When what users want is in conflict with what business owners want, we favor the business owner. People hate this, and they tell me that users will abandon us in droves, but I don't believe it. It's only a small percentage of hyper Web 2.0 types that want some sort of ultimate online power over a business listing. Most everyone else just wants quality information. Who better to provide that information than the business owner? Yes, they may lie, but so do users. That's the rub. People seem to think business owners are all scoundrels that are out to sell you something you don't want, but users are all angels who would never utter a harsh word about a business unless it was really deserved. Those people have never owned a business. There are some customers who are crazy, and will fight you to the death over their unreasonable expectations. Some customers are never happy, and complain everywhere. Seriously. I know people who have never ever had good service at any restaurant. They complain every time. Catering to those idiots is not a good business model.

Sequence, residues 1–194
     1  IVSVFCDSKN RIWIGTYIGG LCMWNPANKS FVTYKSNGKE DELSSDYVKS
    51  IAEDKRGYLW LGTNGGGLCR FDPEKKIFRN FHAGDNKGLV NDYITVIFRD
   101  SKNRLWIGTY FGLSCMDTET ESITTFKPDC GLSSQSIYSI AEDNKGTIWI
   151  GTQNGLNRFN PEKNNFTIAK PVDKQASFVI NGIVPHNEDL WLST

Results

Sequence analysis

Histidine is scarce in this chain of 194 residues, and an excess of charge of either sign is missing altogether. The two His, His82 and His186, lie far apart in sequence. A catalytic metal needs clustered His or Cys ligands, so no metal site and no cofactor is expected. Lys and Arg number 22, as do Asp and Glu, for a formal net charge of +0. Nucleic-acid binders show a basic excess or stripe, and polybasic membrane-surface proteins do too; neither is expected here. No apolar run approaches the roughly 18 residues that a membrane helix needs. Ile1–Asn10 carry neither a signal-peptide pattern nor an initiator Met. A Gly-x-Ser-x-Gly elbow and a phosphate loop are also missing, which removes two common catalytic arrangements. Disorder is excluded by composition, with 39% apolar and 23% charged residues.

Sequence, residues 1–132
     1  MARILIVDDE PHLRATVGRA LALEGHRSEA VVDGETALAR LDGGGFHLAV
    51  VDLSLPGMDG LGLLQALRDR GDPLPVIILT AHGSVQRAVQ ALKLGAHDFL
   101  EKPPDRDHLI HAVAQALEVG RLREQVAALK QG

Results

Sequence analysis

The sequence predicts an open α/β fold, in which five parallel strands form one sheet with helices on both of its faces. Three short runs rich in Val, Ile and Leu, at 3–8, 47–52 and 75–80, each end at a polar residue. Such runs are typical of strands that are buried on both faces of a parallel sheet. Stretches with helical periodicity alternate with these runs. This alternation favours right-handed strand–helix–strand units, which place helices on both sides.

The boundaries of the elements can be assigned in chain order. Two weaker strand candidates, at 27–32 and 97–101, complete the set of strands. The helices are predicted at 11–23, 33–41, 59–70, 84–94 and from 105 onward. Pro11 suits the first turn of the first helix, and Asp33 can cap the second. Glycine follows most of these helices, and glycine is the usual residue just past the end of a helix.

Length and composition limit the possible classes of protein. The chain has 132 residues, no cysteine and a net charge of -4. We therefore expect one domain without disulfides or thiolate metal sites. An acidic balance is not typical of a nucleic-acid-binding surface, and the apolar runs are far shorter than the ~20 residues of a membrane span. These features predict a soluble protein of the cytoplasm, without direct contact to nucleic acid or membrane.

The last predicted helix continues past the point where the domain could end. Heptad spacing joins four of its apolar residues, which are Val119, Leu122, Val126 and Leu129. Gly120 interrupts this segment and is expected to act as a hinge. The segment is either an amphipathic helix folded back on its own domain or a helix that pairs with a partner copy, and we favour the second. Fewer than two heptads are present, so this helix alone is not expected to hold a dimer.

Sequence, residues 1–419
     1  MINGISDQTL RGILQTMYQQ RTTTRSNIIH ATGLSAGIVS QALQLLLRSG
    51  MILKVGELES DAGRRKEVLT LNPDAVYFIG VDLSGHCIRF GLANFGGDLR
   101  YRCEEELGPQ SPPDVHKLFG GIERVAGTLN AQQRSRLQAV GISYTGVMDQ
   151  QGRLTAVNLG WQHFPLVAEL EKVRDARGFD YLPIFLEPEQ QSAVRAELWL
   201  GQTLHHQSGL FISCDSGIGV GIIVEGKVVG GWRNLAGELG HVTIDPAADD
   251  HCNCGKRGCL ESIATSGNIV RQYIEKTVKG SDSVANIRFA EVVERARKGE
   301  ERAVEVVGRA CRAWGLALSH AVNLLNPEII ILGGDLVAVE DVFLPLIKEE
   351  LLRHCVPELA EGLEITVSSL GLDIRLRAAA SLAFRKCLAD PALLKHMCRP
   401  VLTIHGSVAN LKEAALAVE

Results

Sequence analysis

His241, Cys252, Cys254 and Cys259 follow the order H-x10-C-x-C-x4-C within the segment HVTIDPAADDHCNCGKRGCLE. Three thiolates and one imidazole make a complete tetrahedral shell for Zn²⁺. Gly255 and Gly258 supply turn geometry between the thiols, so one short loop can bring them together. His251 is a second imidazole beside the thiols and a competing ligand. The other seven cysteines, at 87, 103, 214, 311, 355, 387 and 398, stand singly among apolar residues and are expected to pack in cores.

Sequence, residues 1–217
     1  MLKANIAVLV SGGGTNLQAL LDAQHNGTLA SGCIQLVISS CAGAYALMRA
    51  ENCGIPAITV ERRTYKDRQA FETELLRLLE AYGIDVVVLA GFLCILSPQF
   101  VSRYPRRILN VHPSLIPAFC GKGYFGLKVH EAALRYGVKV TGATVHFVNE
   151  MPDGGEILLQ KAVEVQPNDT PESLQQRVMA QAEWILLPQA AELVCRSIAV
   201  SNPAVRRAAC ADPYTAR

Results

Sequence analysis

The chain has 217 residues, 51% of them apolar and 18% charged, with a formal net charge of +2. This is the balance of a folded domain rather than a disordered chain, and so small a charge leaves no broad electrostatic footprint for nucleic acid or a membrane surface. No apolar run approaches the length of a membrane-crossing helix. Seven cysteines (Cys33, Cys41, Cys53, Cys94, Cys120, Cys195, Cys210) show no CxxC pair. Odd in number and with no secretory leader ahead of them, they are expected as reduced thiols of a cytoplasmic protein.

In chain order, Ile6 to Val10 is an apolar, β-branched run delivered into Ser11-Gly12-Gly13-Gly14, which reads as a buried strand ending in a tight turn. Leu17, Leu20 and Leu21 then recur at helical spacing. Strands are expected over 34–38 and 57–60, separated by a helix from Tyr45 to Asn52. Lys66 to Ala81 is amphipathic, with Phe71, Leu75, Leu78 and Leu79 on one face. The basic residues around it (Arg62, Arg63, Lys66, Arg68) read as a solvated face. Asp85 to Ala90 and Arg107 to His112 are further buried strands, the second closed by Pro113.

We also decided to build a social component to the site, not so much so that people could connect with each other (although there is some of that) but so that people could connect with their favorite businesses and be given coupons and discounts. It also helps you find the best service providers by using the recommendations of your friends. When you search for "plumber" and we show you a list of 200 local plumbers, say 12 of them have videos and 4 of those have been recommended by your friends. Which one are you likely to pick? Probably one of the 4.
Now, how do we promote a site like this? Well, SEO is important. That's why we went with separate domain names instead of subdomains. I own (insert city name)videopages.com for about 50 cities. I think that gives it a more local feel, and makes people more likely to use it, in addition to ranking better in Google. Also, since we are local we may as well do local marketing like radio and billboards. We are also doing, of all things, a print guide. We are distributing 25,000 copies of a local "Guide to the Web" that focuses on unique local sites that may be useful.